Happy Mother’s Day – from Beyond . . .

I just spent a week at a Robert Moss writing retreat where we used shamanic drumming and other techniques to tap into deeper creative dimensions. While there, I explored a writing project that’s been in the back of my mind for several years. It’s an all-ages fairy tale titled Fallen, The Adventures of a Deep Water Leaf. Through the metaphor of a single leaf’s journey from tree, to pond’s surface, to a brave and enlightening exploration of the deep, the story explores what it means to be human and to choose to live more deeply.

Back home now, I’m struggling with the inevitable “re-entry” period – the return from the magical realm into mundane everyday reality and the challenge of keeping the momentum and creative juices flowing. I had put off tackling the overflowing basket of advertisements, letters and bills that arrived via snail mail in my absence until today, which happens to be Mother’s Day.

Imagine my surprise to find a small package labeled “Requested Sample Enclosed” and addressed to Cameron Perkins, my son who died 9 years ago this May. It was a free sample of FINISH QUANTUM dishwasher detergent. I opened it up to find a goofy looking foam smiley face with two dishwasher tabs for eyes.

I’m bursting out laughing at this unlikely Mother’s Day message from beyond. I’m quite sure it’s no mistake that Cameron’s name was on it and that I didn’t open it until today. I think Cameron is letting me know he’s thinking of me and also egging me on to FINISH what I’ve begun and to continue tapping into QUANTUM realms for inspiration.

Thanks, Cameron! For the humorous kick in the backside and clean dishes, too!

The Universe in an Orange Shirt

Did you ever think that maybe the Universe is talking to you all the time?

There used to be a show on TV called “Joan of Arcadia.” Joan Girardi was a typical high school kid – except that God was always showing up as random people in her life. These people (who were really God in disguise) would challenge her to do things she probably would not otherwise do. Sometimes God was the cafeteria lady, sometimes a little girl, sometimes a goth kid at school. The theme song was Joan Osborne’s “One of Us” (What if God was one of us? / Just a slob like one of us / Just a stranger on the bus / Trying to make his way home).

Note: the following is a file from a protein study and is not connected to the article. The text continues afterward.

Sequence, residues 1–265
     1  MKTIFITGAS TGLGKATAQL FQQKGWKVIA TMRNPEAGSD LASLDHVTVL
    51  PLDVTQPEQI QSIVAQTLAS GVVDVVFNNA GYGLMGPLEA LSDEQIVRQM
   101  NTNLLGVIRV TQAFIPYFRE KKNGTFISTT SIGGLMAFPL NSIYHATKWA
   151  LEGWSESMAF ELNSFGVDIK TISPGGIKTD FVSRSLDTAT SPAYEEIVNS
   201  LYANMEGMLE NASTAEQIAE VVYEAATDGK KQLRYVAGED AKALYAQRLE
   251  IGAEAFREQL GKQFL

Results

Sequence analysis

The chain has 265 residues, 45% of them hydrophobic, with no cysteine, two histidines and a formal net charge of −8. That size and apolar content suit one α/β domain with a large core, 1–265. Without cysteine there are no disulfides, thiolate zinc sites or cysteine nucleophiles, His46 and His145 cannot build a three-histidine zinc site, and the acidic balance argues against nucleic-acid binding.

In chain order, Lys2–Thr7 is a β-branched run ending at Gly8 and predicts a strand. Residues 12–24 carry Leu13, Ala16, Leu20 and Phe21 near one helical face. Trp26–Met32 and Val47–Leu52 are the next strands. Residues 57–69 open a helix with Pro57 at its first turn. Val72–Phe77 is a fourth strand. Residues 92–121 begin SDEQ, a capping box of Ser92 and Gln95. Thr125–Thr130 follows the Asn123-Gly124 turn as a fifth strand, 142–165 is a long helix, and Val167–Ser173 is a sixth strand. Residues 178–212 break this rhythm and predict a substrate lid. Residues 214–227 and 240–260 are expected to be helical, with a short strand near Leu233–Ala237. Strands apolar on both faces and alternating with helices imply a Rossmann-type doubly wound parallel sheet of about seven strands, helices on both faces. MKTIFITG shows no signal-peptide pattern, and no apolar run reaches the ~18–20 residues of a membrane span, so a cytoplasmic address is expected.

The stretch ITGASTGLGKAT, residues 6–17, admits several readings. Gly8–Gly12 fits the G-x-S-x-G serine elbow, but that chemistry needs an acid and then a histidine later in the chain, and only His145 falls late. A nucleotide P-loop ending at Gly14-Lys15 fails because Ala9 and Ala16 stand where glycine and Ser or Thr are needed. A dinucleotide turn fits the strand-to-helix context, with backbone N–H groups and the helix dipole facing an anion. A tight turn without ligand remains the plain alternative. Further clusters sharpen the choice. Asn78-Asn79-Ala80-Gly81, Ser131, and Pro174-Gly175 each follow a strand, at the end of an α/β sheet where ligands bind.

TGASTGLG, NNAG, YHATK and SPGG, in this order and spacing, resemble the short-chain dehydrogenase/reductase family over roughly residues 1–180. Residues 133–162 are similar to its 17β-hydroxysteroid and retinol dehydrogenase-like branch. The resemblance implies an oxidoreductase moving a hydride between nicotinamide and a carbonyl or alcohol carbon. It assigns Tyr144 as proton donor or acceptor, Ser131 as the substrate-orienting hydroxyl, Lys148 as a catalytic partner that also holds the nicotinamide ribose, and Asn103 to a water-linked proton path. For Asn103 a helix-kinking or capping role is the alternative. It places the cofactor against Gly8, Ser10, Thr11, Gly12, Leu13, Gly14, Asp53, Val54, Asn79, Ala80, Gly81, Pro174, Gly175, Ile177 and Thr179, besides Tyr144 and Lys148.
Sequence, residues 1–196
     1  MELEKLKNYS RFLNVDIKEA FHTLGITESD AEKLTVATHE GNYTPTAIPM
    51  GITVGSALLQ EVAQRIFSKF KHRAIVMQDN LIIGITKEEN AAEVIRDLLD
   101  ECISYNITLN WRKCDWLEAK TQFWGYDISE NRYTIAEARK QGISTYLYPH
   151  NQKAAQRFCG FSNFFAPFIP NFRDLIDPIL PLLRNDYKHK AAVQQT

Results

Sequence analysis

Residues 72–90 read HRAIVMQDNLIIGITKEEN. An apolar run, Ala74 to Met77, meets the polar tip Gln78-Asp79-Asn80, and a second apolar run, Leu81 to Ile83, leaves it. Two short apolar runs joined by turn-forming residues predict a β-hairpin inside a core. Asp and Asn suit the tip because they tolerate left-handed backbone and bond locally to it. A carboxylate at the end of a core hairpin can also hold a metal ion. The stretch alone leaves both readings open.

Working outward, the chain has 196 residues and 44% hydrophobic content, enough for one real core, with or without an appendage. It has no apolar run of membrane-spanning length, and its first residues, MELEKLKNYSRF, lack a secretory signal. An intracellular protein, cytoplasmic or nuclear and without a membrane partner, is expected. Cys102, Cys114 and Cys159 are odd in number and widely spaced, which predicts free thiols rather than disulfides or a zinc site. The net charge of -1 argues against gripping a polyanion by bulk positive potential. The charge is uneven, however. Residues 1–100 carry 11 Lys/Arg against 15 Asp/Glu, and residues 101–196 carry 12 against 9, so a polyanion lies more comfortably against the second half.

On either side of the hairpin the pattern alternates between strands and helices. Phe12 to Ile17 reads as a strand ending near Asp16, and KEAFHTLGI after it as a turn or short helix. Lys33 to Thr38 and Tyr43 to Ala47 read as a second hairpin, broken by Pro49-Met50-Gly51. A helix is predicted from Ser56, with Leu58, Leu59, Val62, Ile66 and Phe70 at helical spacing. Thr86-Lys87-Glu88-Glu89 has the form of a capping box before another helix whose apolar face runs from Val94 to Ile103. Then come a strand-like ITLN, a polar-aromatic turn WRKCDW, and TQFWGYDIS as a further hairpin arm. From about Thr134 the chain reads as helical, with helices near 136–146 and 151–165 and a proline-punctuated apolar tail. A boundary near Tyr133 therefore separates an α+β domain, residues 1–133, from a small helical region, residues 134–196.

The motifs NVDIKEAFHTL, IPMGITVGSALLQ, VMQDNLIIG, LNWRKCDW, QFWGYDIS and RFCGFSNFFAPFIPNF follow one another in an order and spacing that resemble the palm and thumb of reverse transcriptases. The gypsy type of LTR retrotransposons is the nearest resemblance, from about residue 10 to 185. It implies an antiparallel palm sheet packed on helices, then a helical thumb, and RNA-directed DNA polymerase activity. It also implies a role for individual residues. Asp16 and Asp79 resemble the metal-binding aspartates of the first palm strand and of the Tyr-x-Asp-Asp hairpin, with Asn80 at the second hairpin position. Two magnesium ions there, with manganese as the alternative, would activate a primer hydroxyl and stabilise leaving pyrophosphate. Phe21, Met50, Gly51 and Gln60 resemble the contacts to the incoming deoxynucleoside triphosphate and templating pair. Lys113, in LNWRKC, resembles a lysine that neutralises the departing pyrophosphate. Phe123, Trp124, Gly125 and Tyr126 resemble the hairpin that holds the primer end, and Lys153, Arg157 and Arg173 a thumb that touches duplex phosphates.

I had a Joan of Arcadia experience this morning when the Universe (my preferred name for God) showed up in the form of a city utility worker. On the last leg of my morning walk, I rounded the corner from the busy main street into my peaceful neighborhood and saw that I would have to skirt around a huge fallen eucalyptus branch. A City of Mesa utility truck was parked next to the mess. I removed my iPod’s earbuds as I was greeted by a smiling man in a bright orange shirt who’d been scratching his head and looking over the debris and the ravaged remains of the tree.

“Good morning!” he said jovially with a twinkle in his eye (think Morgan Freeman in “Bruce Almighty” or “Evan Almighty”).

“Did that fall down in the night?” I asked, stupidly pointing out the obvious.

“These eucalyptus trees do this all the time,” he replied, with a kind of pleased enthusiasm that didn’t seem warranted given that he’d likely be the one to have to cut it up and haul it off.

It was certainly true, I reflected, remembering when our neighbor’s eucalyptus had come crashing through our fence a few years back. Not just a branch – the whole tree. And my own eucalyptus in the front yard split in two one day and had to be cut down. Eucs tend to suck up all the water they can, growing faster and heavier than their frames can manage. When there’s not much water to be had, their giant limbs grow brittle. They’ll weather all kinds of wind and heat and then one day, when not a breeze is stirring, a humongous branch will come crashing down with no warning.

“Heat’s coming on us today,” he observed, not ruefully but with the attitude of a man about to do battle and relishing the thought.

“Yep. Supposed to hit 100 today,” I said over my shoulder as I resumed my walk.

It was just a brief, random exchange. Except that as I’d rounded that corner, I’d been stewing over some financial challenges my family is facing right now. I’d been feeling like things might come crashing down at any moment. I’d been worrying whether we could stand the heat, or if we’d have to get out of the kitchen. Like the eucalyptus, our national economy had grown top-heavy and it seemed like a great big branch of it was about to fall right on us.

Then I ran into the Universe wearing an orange shirt and a big smile and pointing out to me that these things happen all the time. The Universe, standing ready to clean up the aftermath of anything that might come crashing down, heat be damned. Suddenly, I felt better. There might be some hard work ahead, but I’m willing to roll up my shirtsleeves and see it through. And I know the Universe has my back.

I quickened my pace just a bit and started singing out loud to the tune on my iPod: Stevie Wonder’s “Don’t You Worry ‘Bout a Thing.”